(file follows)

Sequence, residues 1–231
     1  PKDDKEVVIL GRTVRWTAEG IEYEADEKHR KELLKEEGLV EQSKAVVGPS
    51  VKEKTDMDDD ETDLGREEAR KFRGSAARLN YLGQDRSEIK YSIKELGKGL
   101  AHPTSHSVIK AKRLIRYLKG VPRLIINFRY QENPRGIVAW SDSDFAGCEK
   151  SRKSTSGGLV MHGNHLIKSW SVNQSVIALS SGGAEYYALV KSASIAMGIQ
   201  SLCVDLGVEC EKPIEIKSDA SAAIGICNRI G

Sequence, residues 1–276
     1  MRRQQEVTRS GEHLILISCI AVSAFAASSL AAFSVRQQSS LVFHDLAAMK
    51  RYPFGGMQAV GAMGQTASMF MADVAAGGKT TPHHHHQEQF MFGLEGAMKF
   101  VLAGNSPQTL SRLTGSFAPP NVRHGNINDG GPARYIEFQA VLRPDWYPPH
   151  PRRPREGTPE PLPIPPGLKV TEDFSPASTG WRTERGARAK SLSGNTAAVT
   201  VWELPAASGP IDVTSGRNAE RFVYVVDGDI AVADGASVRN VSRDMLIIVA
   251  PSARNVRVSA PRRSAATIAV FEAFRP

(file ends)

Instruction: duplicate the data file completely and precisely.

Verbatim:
Sequence, residues 1–231
     1  PKDDKEVVIL GRTVRWTAEG IEYEADEKHR KELLKEEGLV EQSKAVVGPS
    51  VKEKTDMDDD ETDLGREEAR KFRGSAARLN YLGQDRSEIK YSIKELGKGL
   101  AHPTSHSVIK AKRLIRYLKG VPRLIINFRY QENPRGIVAW SDSDFAGCEK
   151  SRKSTSGGLV MHGNHLIKSW SVNQSVIALS SGGAEYYALV KSASIAMGIQ
   201  SLCVDLGVEC EKPIEIKSDA SAAIGICNRI G

Sequence, residues 1–276
     1  MRRQQEVTRS GEHLILISCI AVSAFAASSL AAFSVRQQSS LVFHDLAAMK
    51  RYPFGGMQAV GAMGQTASMF MADVAAGGKT TPHHHHQEQF MFGLEGAMKF
   101  VLAGNSPQTL SRLTGSFAPP NVRHGNINDG GPARYIEFQA VLRPDWYPPH
   151  PRRPREGTPE PLPIPPGLKV TEDFSPASTG WRTERGARAK SLSGNTAAVT
   201  VWELPAASGP IDVTSGRNAE RFVYVVDGDI AVADGASVRN VSRDMLIIVA
   251  PSARNVRVSA PRRSAATIAV FEAFRP